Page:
Clean Cooking and Tree Planting: How Rubango Village is Combating Climate Change
“I have lived here for over 50 years,” Generoza says. “When I first moved to Rubango, the rainfall was consistent, the land was fertile, and we really loved it here. Today, it is a different story.”
Generoza and her family live in Rubango Village, Kyenjojo District, where the community often struggles with insufficient access to land, limited resources, and multifaceted instabilities that keep households in the cycle of ultra-poverty. As a subsistence farmer, Generoza is particularly affected by inconsistent rainfall and a landscape that has changed over the years. “All trees were cut for firewood and charcoal,” Generoza describes, “making it rare to find a forest of trees.”
For subsistence farmers like Generoza, such a changing environment compounds existing vulnerabilities—both for communities and for the climate. Inconsistent rain leads to low crop yield, which makes it difficult for families to meet food needs. Incomes are often spent on supplemental nutrition, which makes it hard to invest in climate-friendly technologies for energy and heating. Consequently, those communities rely on firewood and charcoal for cooking and heating, causing further deforestation, which impacts the rain ecosystem. A globally warming climate further aggravates these vulnerabilities, and households like Generoza’s struggle with the resources to cope.
Generoza and her community were determined to change this.
As part of Raising The Village’s “Secure, Improve, Sustain” program, Generoza joined a women’s Village Savings and Loan Association (VSLA) that empowers community members through financial inclusion. As RTV Project Assistant Tumukunde Emmanuel describes, this group often used VSLA meetings to troubleshoot challenges facing households within the community. After regularly discussing the impact of a changing environment, they began brainstorming ways to combat climate change.
“Women kept raising the issue of not finding firewood – fearing they may not be able to cook for their families,” Tumukunde describes, “We discussed possible solutions, and advised the members to start using charcoal-saving stoves. This would reduce the amount of firewood needed to prepare a meal and, at the end of the day, less trees would be cut.”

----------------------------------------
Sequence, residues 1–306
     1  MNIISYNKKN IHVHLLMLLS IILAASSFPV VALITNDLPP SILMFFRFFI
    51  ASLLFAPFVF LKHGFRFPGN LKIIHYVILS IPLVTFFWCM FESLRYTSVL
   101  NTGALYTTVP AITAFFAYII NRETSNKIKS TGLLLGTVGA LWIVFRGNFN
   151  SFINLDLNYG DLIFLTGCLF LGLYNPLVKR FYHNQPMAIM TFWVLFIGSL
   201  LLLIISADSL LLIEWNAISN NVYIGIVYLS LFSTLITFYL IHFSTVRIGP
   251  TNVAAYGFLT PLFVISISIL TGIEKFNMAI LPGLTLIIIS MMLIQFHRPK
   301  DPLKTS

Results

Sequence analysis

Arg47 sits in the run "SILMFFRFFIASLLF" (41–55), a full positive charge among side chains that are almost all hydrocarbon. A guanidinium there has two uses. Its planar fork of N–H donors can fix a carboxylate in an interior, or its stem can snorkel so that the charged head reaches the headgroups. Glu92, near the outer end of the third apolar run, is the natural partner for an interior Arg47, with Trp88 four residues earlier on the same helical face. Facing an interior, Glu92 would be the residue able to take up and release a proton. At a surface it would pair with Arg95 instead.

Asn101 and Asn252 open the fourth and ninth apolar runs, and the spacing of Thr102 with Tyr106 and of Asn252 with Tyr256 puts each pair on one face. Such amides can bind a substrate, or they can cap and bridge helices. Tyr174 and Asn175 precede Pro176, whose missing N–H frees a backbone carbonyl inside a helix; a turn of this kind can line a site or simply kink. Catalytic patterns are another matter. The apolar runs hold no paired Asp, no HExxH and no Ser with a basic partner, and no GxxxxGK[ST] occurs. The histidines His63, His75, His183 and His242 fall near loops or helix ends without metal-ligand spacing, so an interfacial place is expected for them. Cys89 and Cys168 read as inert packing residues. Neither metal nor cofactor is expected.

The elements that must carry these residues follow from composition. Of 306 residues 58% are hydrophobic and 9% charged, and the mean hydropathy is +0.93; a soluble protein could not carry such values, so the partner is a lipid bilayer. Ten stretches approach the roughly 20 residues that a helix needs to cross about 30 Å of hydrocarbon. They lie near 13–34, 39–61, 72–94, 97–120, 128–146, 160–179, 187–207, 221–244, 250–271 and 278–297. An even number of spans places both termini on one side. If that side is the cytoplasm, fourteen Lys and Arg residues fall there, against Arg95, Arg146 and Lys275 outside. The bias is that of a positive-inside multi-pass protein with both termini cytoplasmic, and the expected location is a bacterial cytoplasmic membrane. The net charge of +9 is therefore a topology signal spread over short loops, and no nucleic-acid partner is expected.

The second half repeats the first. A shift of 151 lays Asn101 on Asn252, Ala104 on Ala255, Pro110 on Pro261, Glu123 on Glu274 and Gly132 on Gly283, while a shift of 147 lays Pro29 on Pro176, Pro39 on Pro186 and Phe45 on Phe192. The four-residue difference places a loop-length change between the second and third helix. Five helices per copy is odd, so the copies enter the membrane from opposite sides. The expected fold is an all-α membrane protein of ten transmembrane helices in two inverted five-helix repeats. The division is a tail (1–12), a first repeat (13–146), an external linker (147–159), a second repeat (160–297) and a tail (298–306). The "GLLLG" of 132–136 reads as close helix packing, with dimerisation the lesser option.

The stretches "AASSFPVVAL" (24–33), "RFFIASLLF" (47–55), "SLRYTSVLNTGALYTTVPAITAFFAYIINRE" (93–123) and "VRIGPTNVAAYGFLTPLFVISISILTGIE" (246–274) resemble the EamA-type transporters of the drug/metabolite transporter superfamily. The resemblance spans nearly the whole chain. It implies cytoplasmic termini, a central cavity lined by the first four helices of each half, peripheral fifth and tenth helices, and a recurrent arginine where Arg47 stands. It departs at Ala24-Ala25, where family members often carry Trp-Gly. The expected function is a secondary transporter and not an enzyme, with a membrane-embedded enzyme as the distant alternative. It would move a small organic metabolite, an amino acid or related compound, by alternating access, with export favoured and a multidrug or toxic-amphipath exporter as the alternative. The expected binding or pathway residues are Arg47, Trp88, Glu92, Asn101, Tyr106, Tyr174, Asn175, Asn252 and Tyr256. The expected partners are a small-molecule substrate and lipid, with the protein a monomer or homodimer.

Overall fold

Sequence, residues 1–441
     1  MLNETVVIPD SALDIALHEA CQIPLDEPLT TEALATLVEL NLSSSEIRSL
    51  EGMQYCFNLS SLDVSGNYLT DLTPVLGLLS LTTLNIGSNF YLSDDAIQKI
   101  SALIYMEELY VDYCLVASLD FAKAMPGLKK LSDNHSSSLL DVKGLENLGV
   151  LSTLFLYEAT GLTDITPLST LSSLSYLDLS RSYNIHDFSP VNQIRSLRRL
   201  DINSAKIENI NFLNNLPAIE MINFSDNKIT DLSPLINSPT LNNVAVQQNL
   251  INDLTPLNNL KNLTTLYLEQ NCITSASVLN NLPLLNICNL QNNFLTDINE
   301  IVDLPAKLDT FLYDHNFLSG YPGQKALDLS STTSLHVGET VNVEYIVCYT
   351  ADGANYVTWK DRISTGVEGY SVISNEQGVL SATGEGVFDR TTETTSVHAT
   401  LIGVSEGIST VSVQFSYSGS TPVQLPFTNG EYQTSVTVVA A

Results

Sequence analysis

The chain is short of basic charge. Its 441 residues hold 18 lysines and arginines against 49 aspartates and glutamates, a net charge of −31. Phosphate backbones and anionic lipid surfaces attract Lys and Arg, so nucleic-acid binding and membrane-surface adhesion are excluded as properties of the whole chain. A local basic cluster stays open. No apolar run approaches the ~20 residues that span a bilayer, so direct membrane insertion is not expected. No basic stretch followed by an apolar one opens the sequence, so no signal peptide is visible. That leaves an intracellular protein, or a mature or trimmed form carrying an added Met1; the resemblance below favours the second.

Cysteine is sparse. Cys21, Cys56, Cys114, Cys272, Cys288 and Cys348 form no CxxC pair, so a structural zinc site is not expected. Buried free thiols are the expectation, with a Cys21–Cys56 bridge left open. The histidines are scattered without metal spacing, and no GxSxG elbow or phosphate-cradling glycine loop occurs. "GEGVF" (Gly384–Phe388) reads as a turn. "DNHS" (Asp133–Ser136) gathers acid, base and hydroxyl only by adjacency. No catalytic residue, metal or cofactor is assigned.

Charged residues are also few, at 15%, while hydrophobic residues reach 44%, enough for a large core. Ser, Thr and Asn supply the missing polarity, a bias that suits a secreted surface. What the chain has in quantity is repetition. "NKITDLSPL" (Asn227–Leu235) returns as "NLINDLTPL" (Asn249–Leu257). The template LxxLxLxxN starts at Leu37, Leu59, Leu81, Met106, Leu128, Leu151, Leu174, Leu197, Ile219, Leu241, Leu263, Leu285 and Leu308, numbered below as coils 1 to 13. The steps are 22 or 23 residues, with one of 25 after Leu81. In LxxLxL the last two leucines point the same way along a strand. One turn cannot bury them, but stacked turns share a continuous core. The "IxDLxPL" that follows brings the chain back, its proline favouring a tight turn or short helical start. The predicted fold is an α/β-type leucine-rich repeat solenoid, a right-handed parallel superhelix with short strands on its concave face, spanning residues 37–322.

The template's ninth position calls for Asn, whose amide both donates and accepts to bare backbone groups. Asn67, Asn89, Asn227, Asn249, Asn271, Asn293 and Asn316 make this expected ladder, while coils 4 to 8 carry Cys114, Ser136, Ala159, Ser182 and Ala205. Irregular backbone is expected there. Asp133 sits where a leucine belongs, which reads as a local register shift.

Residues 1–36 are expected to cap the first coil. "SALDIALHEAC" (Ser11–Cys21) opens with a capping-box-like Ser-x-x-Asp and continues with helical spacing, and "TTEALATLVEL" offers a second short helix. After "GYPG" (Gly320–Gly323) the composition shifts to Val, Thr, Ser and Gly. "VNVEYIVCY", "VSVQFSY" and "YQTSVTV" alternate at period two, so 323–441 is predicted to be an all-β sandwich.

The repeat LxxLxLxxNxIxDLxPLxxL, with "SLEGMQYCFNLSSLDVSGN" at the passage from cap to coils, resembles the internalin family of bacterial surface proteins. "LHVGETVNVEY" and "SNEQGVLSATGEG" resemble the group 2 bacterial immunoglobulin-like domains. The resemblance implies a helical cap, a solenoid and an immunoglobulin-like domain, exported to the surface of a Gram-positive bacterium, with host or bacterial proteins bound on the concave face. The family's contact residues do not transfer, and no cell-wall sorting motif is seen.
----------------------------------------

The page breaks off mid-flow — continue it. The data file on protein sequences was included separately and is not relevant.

These efficient cookstoves use 50% less wood and produce less smoke than ordinary stoves, which saves trees, money, and protects the household members, particularly women, from smoke-related illnesses such as pneumonia, strokes and lung diseases.
Inspired, Generoza’s savings group used funds to construct charcoal-saving stoves for each of their households. Now, her community is saving trees, time, and money. “I used to spend a lot of time looking for firewood, and sometimes I would not even find enough for cooking,” she explains. “Now with this stove, I use less firewood to make a meal.”
Generoza and her peers did not stop there. Seeing the impact forests can have on encouraging healthy rainfall patterns, they began investing in tree planting as well. “I started planting trees by turning parts of my land into a small forest,” Generoza shares. “When it doesn’t rain at all, it affects our harvest. So, I planted a small forest in my land to ensure my community receives rainfall.” With improved forests, moisture becomes trapped beneath tree’s canopy, improving soil moisture and encouraging a healthy raincycle. This means more rain for crops, which helps the entire community improve food security and a healthy ecosystem.
Through community-led efforts to prevent deforestation, improve the natural landscape, and foster sustainable practices for farming, heating, and cooking, Generoza’s community is now well on its way to breaking the cycle of ultra-poverty while caring for the planet.